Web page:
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Stroke Awareness Month: What You NEED to Know About Prevention & Treatment

By Russell Becker, DO, Vascular Surgeon

Stroke Awareness Month: What You NEED to Know About Prevention & TreatmentTemporary loss of speech, balance, forgetfulness, one-sided weakness, facial droop, are all signs of early stroke. Every year in the United States nearly 800,000 people will suffer from a stroke. If it’s not caught early enough, it can lead to death, paralysis, cognitive impairment, aphasia, and many more complications. Stroke prevention cannot be stressed enough, and knowing the signs and symptoms is crucial. The three causes of stroke stem from either the heart, blood vessels to the brain, or blood vessels within the brain.

Types of Strokes:
• Hemorrhagic strokes are when a damaged blood vessel begins to bleed then ruptures
• Ischemic strokes are formed by blood clots that obstruct a blood vessel that supplies blood to the brain
• TIA (Transient Ischemic Attack), also known as a mini-stroke, is caused by a temporary clot that blocks blood flow

The blood vessels that connect directly to the to the brain are the carotids. When the carotid arteries are occluded and blocked, they prevent proper oxygen and blood flow, and a blood clot or the plaque that’s blocking the artery can break loose and cause a stroke. The carotid arteries can be fixed surgically by cleaning them out, or stenting. Both are very safe procedures, and either can be done in the majority of patients, depending on what is most appropriate for the patient.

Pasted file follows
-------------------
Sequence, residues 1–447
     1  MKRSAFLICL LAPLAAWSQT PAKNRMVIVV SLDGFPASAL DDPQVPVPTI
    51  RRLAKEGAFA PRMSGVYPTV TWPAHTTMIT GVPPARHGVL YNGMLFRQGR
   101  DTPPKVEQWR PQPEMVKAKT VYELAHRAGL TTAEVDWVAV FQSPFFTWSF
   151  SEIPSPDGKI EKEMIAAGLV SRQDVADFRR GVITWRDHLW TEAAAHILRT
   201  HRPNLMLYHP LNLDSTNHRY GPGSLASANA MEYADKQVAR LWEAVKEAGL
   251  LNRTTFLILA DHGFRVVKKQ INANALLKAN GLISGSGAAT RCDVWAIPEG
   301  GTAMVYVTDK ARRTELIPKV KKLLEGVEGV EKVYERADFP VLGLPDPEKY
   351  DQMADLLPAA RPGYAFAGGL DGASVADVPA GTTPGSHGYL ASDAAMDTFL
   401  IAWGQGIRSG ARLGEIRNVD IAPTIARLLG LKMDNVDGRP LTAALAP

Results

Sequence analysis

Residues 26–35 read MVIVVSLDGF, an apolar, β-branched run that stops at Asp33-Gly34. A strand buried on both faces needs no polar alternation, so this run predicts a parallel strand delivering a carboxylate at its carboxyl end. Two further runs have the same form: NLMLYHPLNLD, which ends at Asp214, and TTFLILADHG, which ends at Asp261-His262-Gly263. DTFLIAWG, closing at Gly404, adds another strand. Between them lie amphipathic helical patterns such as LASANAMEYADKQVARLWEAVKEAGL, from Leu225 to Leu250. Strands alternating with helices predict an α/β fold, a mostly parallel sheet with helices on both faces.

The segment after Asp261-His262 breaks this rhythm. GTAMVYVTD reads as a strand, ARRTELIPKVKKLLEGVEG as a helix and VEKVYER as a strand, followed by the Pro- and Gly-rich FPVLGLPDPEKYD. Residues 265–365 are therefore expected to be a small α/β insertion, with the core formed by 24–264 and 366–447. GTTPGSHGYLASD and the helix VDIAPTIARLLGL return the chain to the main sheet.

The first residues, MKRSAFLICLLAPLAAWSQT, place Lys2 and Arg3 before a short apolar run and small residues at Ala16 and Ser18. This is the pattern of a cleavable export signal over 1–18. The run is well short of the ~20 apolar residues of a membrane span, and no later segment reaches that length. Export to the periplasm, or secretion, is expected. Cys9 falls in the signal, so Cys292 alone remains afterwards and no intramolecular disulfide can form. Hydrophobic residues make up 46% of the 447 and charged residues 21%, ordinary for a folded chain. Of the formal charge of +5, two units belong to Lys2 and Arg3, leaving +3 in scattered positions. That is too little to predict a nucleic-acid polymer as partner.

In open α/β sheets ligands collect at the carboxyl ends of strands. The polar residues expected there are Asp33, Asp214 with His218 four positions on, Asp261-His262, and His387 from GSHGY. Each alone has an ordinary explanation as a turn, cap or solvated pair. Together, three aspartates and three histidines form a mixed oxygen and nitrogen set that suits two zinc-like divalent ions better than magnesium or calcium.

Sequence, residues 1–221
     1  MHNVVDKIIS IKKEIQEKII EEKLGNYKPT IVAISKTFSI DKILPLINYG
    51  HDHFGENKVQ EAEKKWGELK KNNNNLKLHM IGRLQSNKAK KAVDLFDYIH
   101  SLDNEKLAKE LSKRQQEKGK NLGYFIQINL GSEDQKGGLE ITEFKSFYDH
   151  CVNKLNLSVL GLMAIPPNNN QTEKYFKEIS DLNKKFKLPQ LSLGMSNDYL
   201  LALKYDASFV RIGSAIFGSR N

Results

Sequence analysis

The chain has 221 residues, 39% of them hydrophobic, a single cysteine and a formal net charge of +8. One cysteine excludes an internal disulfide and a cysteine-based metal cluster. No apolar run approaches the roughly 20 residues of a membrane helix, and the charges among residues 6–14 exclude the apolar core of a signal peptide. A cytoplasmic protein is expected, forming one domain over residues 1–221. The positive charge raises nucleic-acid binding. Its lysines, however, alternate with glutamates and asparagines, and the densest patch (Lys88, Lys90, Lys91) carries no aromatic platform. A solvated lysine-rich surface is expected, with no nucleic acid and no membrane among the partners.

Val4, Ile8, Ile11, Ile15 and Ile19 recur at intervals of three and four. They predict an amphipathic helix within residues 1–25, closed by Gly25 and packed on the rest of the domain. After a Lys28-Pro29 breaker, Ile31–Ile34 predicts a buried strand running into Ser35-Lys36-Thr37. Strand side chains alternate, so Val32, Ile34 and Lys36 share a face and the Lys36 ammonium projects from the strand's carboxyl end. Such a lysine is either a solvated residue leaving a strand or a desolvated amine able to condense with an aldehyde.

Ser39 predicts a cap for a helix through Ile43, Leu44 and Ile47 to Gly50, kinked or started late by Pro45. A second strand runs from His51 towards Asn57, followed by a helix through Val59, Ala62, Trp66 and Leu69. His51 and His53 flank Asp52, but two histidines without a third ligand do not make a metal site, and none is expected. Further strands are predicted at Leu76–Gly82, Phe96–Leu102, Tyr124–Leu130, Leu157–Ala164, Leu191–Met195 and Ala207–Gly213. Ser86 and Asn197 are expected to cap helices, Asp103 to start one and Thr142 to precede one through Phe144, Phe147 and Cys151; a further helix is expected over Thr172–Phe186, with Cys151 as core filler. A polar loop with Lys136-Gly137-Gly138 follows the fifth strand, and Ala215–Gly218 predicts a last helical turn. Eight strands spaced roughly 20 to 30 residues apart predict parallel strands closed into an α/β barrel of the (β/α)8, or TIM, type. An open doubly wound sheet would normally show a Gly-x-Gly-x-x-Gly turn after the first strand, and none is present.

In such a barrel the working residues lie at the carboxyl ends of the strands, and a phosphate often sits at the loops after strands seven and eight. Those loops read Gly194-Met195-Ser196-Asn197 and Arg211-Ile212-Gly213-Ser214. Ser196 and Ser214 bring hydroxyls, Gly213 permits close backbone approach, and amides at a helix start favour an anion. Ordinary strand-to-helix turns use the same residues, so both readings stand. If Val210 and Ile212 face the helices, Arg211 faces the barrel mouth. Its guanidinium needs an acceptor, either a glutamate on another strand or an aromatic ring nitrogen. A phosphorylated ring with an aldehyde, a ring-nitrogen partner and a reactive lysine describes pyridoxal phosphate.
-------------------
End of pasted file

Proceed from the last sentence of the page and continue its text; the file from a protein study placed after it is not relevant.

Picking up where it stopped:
Carotid endarterectomy is a common vascular surgical procedure which may help prevent the risk of having a stroke. Scientific evidence from recent studies supports carotid endarterectomy as an effective method of stroke prevention for people with carotid artery blockage of 70 percent or greater. It also may be beneficial for people with moderate blockage of 50 to 69 percent and recent symptoms of stroke.1

Severe blockage is called carotid stenosis. Carotid stenosis may cause the patient to experience a TIA. Common temporary symptoms include difficulty speaking or understanding others, loss or blurring of vision in one eye and loss of strength or numbness in an arm or leg. Usually, these symptoms resolve in less than 10 to 20 minutes and almost always within one hour. Even if all the symptoms resolve, it is very important that anyone experiencing these symptoms call 911 and immediately be evaluated by a qualified doctor.1

When oxygen and blood can’t reach the brain, the brain cells begin to die very rapidly. When you are experiencing symptoms of stroke, minutes matter! There is a medication called tissue plasminogen activator (tPA) that can break through a blood clot, but not everyone with stroke can receive the clot-busting drug tPA. If the medical team deems it fit for you, the medication must be given within 3 to 4 ½ hours of the onset of symptoms.

Prevention is key. Getting a cardiovascular workup including an ultrasound of the carotid arteries is critical. Strokes are a leading cause for death as well as long-term disability. Having a stroke can cause permanent damage like vision loss, paralysis, cognitive impairment, and speech disorders. If the stenosis isn’t severe enough for surgery, the patient should have regular follow-up testing, and in some cases, the blockage might be able to be controlled medically.

1. The American Association of Neurological Surgeons “Carotid Endarterectomy and Stenosis,”, May 2019, Rolling Meadows, IL

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5490 Bryson Dr. Suite 201
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